That choice was likely fueled by struggles in the kicking game, heightened by Kyle Brindza’s blocked extra-point attempt in the first half, a kick returned by Northwestern that turned a 14-7 game into a 13-9 lead. With a fourth-quarter, 11-point lead, the Irish failed to convert their two-point attempt that would’ve stretched their lead to 13 points. After Northwestern converted their own two-point play, they made a game-tying field goal after Cam McDaniel fumbled the ball as the Irish were running out the clock. Had the Irish gone for (and converted) a PAT, the Wildcats would’ve needed to score a touchdown.

Moving back to Saturday night, Kelly’s decision needs to be put into context. After being held to just three points for the first 45 minutes of the game, C.J. Prosise broke a long catch and run for a touchdown in the opening minute of the fourth quarter. Clemson would be doing their best to kill the clock. Notre Dame’s first touchdown of the game brought the score within 12 points when Kelly decided to try and push the score within 10—likely remembering the very way Northwestern forced overtime.

After the game, Kelly said it was the right decision, citing his two-point conversion card and the time left in the game. On his Sunday afternoon teleconference, he said the same, giving a bit more rationale for his decision.

“We were down and we got the chance to put that game into a two-score with a field goal. I don’t chase the points until the fourth quarter, and our mathematical chart, which I have on the sideline with me and we have a senior adviser who concurred with me, and we said go for two. It says on our chart to go for two.

“We usually don’t use the chart until the fourth quarter because, again, we don’t chase the points. We went for two to make it a 10-point game. So we felt we had the wind with us so we would have to score a touchdown and a field goal because we felt like we probably only had three more possessions.

“The way they were running the clock, we’d probably get three possessions maximum and we’re going to have to score in two out of the three. So it was the smart decision to make, it was the right one to make. Obviously, you know, if we catch the two-point conversion, which was wide open, then we just kick the extra point and we’ve got a different outcome.”

That logic and rationale is why I had no problem with the decision when it happened in real time. But not everybody agrees.

Perhaps the strongest rebuke of the decision came from Irish Illustrated’s Tim Prister, who had this to say about the decision in his (somewhat appropriately-titled) weekly Point After column:

Hire another analyst or at least assign someone to the task of deciphering the Beautiful Mind-level math problem that seems to be vexing the Notre Dame brain-trust when a dweeb with half-inch thick glasses and a pocket protector full of pens could tell you that in the game of football, you can’t chase points before it is time… (moving ahead)

…The more astonishing thing is that no one in the ever-growing football organization that now adds analysts and advisors on a regular basis will offer the much-needed advice. Making such decisions in the heat of battle is not easy. What one thinks of in front of the TV or in a press box does not come as clearly when you’re the one pulling the trigger for millions to digest.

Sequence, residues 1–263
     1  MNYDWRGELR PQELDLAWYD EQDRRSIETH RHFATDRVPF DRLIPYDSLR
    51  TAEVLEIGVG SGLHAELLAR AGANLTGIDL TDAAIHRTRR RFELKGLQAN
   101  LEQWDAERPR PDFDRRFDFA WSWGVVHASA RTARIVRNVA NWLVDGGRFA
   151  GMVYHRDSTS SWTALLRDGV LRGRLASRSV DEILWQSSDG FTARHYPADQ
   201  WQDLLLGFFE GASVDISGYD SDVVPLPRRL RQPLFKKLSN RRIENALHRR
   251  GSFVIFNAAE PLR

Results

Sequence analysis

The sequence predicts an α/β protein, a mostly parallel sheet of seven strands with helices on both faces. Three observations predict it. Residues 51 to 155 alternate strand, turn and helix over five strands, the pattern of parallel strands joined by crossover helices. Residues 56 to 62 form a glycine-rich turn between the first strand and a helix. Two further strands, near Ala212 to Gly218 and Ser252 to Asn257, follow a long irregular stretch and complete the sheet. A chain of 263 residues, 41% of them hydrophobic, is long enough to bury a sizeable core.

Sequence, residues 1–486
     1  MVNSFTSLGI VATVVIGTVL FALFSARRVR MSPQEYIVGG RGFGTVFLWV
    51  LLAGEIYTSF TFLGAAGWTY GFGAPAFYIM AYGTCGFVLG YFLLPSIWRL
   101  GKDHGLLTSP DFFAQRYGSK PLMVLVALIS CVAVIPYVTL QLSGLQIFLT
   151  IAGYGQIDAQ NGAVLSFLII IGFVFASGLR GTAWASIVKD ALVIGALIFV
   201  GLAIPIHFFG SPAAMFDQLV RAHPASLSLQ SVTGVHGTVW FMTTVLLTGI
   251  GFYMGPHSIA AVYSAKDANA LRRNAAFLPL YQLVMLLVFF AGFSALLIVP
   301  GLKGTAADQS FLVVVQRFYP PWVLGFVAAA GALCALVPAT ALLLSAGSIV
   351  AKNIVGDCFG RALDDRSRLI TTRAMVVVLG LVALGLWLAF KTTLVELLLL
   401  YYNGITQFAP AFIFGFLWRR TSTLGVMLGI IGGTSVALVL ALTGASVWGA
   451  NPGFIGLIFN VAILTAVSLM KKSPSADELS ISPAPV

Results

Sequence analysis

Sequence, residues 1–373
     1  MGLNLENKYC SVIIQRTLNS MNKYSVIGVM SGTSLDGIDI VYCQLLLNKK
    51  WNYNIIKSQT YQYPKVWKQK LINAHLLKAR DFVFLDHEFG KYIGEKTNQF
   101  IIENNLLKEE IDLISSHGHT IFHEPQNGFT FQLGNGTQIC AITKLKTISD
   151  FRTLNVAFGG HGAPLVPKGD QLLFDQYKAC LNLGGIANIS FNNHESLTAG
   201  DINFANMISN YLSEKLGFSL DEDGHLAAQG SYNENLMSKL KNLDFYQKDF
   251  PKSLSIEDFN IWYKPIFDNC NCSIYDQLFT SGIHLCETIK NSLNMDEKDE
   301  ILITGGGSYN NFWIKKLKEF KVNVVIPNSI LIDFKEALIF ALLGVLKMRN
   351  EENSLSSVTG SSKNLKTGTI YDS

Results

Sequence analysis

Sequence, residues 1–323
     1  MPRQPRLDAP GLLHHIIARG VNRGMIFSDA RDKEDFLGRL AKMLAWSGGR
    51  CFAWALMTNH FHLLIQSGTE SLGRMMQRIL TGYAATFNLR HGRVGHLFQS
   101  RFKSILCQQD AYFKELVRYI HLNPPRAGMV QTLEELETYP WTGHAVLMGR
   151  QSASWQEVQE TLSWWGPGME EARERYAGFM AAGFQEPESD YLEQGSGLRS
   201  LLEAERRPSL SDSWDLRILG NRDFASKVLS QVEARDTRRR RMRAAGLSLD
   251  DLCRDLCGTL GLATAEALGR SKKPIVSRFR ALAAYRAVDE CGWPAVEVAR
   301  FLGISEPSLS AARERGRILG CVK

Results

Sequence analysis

And yet with this ever-expanding entourage, Notre Dame still does not have anyone who can scream through the headphones to the head coach, “Coach, don’t go for two!”

If someone, anyone within the organization had the common sense and then the courage to do so, the Irish wouldn’t have lost every game in November of 2014 and would have had a chance to win in overtime against Clemson Saturday night.

My biggest gripe about the decision was the indecision that came along with the choice. Scoring on a big-play tends to stress your team as special teams players shuffle onto the field and the offense comes off. But Notre Dame’s use of a timeout was a painful one, and certainly should’ve been spared considering the replay review that gave Notre Dame’s coaching staff more time to make a decision.

For what it’s worth, Kelly’s decision was probably similar to the one many head coaches would make. And it stems from the original two-point conversion chart that Dick Vermeil developed back in the 1970s.

The original chart didn’t account for success rate or time left in the game. As Kelly mentioned before, Notre Dame uses one once it’s the fourth quarter.

It’s a debate that won’t end any time soon. And certainly one that will have hindsight on the side of the “kick the football” argument.



Navy, Notre Dame will display mutual respect with uniforms

Keenan Reynolds, Isaac Rochell

The storied and important history of Notre Dame and Navy’s long-running rivalry will be on display this weekend, with the undefeated Midshipmen coming to South Bend this weekend.

On NBCSN, a half-hour documentary presentation will take a closer look, with “Onward Notre Dame: Mutual Respect” talking about everything from Notre Dame’s 43-year winning streak, to Navy’s revival, triggered by their victory in 2007. The episode will also talk about the rivalries ties to World War II, and how the Navy helped keep Notre Dame alive during wartime.

You can catch it on tonight at 6:30 p.m. ET on NBCSN or online in the same viewing window.

On the field, perhaps an even more unique gesture of respect is planned. With Under Armour the apparel partner for both Notre Dame and Navy, both teams will take the field wearing the same cleats, gloves and baselayers. Each team’s coaching staff will also be outfitted in the same sideline gear.

More from Monday’s press release:

For the first time in college football, two opponents take the field with the exact same Under Armour baselayer, gloves and cleats to pay homage to the storied history and brotherhood between their two schools. The baselayer features both Universities’ alma maters on the sleeves and glove palms with the words “respect, honor, tradition” as a reminder of their connection to each other. Both sidelines and coaches also will wear the same sideline gear as a sign of mutual admiration.​

Navy and Notre Dame will meet for the 89th time on Saturday, a rivalry that dates back to 1927. After the Midshipmen won three of four games starting in 2007, Notre Dame hopes to extend their current winning streak to five games on Saturday.

Here’s an early look at some of the gear: